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What is the war on women? The phrase has been used by various political groups to characterize attitudes related to the perspective on women’s roles in the home and workplace. In recent days, the idea of a war on women has been used to describe the debate over whether or not the Affordable Care Act (a.k.a., ObamaCare) should provide all forms of FDA-approved contraceptives to women at no cost to them. The typical accusations of a war against women have been lobbed against conservatives who seek to limit the government’s role in providing contraceptives. Read More »

ENDA and The Superiority of Men

Congress is currently considering the Employment Non-Discrimination Act of 2013 (ENDA). For review of the issues see the helpful ERLC piece here. The bill would require employers to hire without consideration of an employees’ sexual orientation. The truth is that a person’s abilities may not be hindered by their sexual orientation. It is also true that no one should ever be discriminated against—for any reason. However, the reality is that this bill threatens the existence of businesses that desire to govern themselves in consistence with their religious convictions. In this way, it infringes upon the right to operate a company by conservative evangelical convictions. Read More »

Wholly Bible: Preaching Law

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If a prophet or a dreamer of dreams arises among you and gives you a sign or a wonder that he tells you comes to pass, and if he says, ‘Let us go after other gods,’ which you have not known, ‘and let us serve them,’ you shall not listen to that prophet or that dreamer of dreams. For the Lord your God is testing you, to know whether you love the LORD your God with all your heart and with all your soul. You shall walk after the LORD your God and fear him and keep his commandments and obey his voice, and you shall serve him and hold fast to him.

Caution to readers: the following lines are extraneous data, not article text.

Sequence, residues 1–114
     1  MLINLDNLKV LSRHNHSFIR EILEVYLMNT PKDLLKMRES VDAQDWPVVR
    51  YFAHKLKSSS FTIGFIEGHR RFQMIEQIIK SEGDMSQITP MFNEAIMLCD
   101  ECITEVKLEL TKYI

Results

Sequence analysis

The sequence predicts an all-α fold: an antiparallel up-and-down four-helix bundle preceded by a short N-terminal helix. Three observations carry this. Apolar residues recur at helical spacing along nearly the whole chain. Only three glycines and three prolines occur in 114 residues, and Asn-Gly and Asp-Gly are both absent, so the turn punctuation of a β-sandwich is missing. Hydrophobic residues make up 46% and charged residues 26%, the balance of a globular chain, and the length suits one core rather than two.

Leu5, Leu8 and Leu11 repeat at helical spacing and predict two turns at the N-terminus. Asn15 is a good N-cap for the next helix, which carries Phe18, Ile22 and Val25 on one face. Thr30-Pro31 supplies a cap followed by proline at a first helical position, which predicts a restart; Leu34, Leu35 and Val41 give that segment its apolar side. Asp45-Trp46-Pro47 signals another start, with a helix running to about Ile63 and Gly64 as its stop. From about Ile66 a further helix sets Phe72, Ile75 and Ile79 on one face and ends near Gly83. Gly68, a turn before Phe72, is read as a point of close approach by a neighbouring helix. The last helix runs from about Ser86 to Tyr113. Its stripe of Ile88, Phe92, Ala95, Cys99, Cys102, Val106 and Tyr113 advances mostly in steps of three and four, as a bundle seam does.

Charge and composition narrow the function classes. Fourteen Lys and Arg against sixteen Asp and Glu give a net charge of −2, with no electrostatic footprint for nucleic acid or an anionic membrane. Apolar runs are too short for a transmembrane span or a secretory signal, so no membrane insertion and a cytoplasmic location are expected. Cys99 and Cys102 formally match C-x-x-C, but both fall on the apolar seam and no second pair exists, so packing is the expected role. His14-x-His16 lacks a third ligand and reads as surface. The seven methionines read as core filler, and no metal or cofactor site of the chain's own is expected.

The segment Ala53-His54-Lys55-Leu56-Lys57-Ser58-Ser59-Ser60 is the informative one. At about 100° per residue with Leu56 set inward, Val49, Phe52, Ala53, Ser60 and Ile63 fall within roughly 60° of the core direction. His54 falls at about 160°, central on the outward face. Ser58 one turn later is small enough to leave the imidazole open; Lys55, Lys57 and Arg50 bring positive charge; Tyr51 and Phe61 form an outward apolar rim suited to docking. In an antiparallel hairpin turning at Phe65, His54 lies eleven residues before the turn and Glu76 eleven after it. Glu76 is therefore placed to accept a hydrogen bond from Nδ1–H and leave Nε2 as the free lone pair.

Deut. 13:1-4 Read More »

Wholly Bible: Preaching Old Testament Narrative

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Isn’t she someone else’s wife?

David ignores the question of his servant and sleeps with her anyway. She’s pregnant. David ignores the opportunity to come clean and orders her husband to be killed. The stealth of deception is absolutely shocking. Cold, sterile, calculated, lying. From the heart of the most poetic God-fearer who ever lived oozes this willful independence and vulgar dishonesty. David lied. David stole. David killed. He would be forgiven from these sins, but neither his kingdom nor his family would ever recover. Read More »

Are Christians ever excused from teaching and obeying clear commands in the New Testament?

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A forgotten, but surprisingly prescient, approach to questions regarding the necessity and future of Baptist denominational identity can be gleaned from the words of John A. Broadus (1827-1895) when he addressed the American Baptist Publication Society’s 1881 meeting in Indianapolis.

Broadus, one of the founding professors and later president of the Southern Baptist Convention’s first seminary, titled his sermon “The Duty of Baptists to Teach their Distinctive Views.Read More »

Presbyterianism: Carrying the Torch of “Reformed” Ecclesiology and Theology

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Last month when we examined Anglicanism, we noted that the denomination’s uniqueness originated in the way its founders sought to unite the best of Protestantism and Catholicism. They sought, in other words, a middle way between “Geneva” and “Rome.” This month we turn our attention to a group that sought to identify itself only with Geneva’s “Reformed” church: Presbyterianism. Read More »

Wholly Bible: Preaching Wisdom

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The structure of the text should be the structure of the sermon.

This axiom is easy enough to follow when preaching a New Testament Epistle where you can follow the clear paragraph structure of the text, using rhetorical clues to divide the text such as verbs and conjunctions. However, doesn’t this axiom break down when preaching the Wisdom Literature (Job, Proverbs, Ecclesiastes, Song of Solomon)? If, for example, one were to preach Proverbs 14:1-4, the first verse relates to a wise woman, the second to uprightness, the third to foolish talk, and the fourth to the value of the oxen. That’s a pretty entertaining four-point sermon, but it hardly seems to flow. Read More »

The Strange Value of the Internet Bible

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As everyone who knows me well is aware, I have often not been a fan of the Internet. However, the Internet is very much like atomic energy. Used properly, there are great blessings. Used in a less than desirable fashion, it is accompanied by great sadness. Recently a student asked me the question, “Do you mind if we follow the Bible reading in chapel on our iPhones (I’m sure iPads and other contrivances could be included)?” My response might have startled him a bit, but I informed him that I was not in the least offended by such. Read More »